December 29, 1808 – Birthdate of President Andrew Johnson

Andrew Johnson (December 29, 1808 – July 31, 1875) was the 17th President of the United States (1865–69), succeeding to the Presidency upon the assassination of Abraham Lincoln. He was the first U.S. President to be impeached.

Who was Johnson? Johnson was a former tailor’s apprentice, who rose to prominence as a politician in pre-war Tennessee. In 1861, he became the only senator from a seceding state to declare his loyalty to the Union. In 1864 he was nominated as vice president to symbolize the Union’s desire for postwar unity.


Lincoln rarely met with Johnson after the election, and Johnson played no active role in his administration. Lincoln had many assassination threats, and it is an interesting question as to how responsible he was in letting the Party select such a man. As historian Eric Foner describes Johnson in his book Forever Free: The Story of Emancipation & Reconstruction:

…the assassination of Lincoln brought into the White House a man who lacked the personal qualities and political sagacity to provide the nation with enlightened leadership when it was most needed. Johnson was a lonely, stubborn man with few confidants, who seemed to develop his policies without consulting anyone, and then stuck to them inflexibly in the face of any and all criticism. He lacked Lincoln’s ability to conciliate his foes and his capacity for growth… Unlike Lincoln, Johnson had no real standing in the Republican Party and no sensitivity to the nuances of northern public opinion. Moreover…Johnson held deeply racist views regarding blacks, and proved unable to envision their playing any role in the South’s Reconstruction, except as a dependent laboring class returning to work. … Taken together, Johnson’s beliefs, prejudices, and personality traits were a recipe for disaster at a time when an unprecedented national crisis put a premium on the capacity to think in new and creative ways.”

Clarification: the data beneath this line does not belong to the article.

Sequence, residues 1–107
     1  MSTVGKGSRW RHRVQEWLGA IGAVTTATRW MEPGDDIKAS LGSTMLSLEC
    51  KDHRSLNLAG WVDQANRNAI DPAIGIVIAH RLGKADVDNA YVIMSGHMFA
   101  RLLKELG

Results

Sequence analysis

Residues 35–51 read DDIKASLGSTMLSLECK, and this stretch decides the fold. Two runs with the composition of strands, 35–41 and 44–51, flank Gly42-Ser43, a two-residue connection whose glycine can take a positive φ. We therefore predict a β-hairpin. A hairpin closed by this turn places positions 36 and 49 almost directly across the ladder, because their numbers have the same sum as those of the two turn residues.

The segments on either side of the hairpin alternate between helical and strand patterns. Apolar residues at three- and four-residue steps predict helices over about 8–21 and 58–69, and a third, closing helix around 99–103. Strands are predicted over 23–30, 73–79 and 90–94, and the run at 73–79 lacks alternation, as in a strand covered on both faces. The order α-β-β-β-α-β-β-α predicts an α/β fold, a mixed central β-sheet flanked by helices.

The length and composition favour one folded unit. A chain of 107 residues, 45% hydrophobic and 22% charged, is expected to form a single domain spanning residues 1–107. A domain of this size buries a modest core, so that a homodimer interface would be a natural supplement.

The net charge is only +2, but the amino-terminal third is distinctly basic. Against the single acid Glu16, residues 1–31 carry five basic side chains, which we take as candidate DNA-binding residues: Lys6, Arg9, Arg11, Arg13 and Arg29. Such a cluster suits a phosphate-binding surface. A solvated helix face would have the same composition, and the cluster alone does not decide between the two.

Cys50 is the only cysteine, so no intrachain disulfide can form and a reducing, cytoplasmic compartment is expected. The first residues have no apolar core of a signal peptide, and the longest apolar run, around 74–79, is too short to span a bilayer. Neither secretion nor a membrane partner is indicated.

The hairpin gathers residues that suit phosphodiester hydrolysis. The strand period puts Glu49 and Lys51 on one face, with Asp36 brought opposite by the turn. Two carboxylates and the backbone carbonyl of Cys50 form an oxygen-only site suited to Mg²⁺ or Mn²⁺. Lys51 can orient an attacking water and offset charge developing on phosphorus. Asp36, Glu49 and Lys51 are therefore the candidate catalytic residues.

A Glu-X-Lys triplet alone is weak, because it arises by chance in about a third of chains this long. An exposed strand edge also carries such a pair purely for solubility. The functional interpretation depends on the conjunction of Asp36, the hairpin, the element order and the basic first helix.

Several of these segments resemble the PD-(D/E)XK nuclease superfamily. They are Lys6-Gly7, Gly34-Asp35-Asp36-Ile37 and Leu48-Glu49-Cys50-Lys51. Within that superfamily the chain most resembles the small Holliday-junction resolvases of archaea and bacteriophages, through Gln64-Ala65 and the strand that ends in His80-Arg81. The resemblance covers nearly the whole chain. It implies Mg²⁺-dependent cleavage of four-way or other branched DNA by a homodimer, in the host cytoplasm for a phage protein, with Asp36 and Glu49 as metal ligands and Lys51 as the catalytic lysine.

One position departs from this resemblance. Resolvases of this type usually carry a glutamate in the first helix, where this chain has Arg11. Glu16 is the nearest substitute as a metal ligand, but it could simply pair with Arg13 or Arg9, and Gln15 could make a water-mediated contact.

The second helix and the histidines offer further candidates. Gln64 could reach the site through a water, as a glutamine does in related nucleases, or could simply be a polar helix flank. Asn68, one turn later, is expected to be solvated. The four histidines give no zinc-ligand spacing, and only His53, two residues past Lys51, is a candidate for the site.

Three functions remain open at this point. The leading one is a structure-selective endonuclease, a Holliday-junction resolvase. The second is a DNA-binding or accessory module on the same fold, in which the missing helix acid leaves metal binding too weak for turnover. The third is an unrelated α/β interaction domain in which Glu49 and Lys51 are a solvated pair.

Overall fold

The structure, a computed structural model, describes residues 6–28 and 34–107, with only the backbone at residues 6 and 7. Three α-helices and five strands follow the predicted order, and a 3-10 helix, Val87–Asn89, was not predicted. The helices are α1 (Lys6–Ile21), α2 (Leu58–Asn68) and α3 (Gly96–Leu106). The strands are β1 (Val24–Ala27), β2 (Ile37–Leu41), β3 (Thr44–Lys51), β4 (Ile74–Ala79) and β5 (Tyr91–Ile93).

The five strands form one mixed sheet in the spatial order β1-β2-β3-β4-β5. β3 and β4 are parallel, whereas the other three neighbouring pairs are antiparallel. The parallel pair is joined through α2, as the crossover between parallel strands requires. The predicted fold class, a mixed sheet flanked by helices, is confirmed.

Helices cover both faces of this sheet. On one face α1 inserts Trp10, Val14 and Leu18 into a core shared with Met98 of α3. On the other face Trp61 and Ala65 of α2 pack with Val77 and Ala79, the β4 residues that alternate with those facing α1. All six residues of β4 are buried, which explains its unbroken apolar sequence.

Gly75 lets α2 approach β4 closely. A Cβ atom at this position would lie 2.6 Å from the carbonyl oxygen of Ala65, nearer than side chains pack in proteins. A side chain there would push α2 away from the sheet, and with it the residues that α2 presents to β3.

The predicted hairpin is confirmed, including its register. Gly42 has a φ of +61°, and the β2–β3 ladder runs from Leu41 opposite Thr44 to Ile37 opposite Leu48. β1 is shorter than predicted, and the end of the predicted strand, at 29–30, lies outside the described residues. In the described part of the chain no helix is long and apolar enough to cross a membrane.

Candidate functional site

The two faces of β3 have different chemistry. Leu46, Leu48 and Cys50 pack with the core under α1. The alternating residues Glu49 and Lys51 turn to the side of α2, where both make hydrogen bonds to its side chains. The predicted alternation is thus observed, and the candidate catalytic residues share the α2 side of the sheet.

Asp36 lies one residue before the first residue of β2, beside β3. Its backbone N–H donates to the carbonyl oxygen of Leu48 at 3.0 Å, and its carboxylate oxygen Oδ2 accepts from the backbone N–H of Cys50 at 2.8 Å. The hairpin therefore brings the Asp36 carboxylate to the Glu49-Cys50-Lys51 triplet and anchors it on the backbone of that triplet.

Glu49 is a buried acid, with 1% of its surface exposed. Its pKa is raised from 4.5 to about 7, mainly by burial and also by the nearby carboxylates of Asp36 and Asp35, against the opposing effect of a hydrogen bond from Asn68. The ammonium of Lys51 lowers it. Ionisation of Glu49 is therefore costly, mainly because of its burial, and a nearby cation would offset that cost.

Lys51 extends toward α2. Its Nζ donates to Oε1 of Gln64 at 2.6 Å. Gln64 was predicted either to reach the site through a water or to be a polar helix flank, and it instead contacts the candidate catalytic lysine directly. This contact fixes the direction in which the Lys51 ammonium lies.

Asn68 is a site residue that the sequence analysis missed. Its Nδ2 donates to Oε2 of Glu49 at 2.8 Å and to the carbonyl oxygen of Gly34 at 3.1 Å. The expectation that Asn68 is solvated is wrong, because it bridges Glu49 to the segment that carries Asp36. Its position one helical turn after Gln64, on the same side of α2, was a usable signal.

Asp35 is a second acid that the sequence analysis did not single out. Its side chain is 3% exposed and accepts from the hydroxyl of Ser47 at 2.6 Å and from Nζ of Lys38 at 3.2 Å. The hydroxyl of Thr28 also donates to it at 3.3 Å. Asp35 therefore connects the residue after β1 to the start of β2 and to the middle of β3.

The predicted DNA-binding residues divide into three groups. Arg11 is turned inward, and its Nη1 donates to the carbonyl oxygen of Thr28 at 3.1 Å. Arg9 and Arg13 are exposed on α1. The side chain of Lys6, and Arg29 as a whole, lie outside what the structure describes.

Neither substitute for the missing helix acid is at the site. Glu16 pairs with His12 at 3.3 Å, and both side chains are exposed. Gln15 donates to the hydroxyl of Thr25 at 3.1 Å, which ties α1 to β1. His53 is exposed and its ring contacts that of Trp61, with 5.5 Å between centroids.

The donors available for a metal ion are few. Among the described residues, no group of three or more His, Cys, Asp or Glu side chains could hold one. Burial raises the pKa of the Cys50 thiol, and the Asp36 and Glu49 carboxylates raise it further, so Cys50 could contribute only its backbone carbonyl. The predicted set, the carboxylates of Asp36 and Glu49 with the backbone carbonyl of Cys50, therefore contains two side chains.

Johnson is consistently ranked by historians as being among the worst U.S. presidents. Among his many dubious achievements, he vetoed the first Civil Rights Act, calling it discriminatory toward whites. There were two attempts to remove President Andrew Johnson from office, but both failed.


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